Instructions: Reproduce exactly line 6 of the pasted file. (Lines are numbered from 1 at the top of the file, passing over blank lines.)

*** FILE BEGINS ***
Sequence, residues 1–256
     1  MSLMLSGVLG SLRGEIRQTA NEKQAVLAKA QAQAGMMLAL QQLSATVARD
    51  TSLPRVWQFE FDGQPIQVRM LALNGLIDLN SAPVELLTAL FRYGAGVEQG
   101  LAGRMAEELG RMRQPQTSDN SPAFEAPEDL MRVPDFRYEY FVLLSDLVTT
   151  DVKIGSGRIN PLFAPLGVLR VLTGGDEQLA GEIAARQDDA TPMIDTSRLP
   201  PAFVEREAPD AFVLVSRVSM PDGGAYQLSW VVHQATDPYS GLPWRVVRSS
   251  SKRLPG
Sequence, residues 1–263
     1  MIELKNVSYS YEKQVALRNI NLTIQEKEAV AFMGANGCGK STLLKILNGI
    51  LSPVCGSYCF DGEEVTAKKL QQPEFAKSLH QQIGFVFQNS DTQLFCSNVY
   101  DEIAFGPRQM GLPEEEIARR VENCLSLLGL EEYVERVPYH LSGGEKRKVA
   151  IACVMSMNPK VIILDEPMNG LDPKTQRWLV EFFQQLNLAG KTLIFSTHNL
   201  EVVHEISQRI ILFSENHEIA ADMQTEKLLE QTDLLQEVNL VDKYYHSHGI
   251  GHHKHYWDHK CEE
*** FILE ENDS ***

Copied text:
   201  PAFVEREAPD AFVLVSRVSM PDGGAYQLSW VVHQATDPYS GLPWRVVRSS